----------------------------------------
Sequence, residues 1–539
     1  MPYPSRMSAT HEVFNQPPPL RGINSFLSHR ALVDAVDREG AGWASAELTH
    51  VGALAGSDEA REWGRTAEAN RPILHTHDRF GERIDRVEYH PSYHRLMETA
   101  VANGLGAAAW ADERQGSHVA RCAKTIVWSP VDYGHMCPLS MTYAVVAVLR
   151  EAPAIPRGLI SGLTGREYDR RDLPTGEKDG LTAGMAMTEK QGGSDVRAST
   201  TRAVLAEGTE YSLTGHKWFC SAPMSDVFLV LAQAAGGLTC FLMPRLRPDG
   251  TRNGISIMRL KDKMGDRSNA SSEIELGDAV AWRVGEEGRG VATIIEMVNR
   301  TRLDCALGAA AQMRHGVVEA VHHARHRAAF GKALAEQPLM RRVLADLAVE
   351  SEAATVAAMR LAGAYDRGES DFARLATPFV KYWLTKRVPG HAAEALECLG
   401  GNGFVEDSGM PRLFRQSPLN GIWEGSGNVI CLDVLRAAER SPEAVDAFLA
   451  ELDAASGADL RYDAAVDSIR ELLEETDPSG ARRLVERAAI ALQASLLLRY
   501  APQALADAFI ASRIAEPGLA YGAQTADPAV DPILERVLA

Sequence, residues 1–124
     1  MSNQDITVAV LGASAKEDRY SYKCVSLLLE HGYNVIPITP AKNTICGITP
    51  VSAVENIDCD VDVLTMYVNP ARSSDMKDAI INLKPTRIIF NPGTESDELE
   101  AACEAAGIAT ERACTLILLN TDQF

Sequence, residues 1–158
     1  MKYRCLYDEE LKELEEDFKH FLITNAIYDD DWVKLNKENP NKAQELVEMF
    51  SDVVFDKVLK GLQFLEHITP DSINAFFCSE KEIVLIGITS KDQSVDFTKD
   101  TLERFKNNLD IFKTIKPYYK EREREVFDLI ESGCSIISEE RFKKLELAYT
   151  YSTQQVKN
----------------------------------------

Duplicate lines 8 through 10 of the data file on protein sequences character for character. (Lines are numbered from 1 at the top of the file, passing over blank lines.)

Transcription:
   301  TRLDCALGAA AQMRHGVVEA VHHARHRAAF GKALAEQPLM RRVLADLAVE
   351  SEAATVAAMR LAGAYDRGES DFARLATPFV KYWLTKRVPG HAAEALECLG
   401  GNGFVEDSGM PRLFRQSPLN GIWEGSGNVI CLDVLRAAER SPEAVDAFLA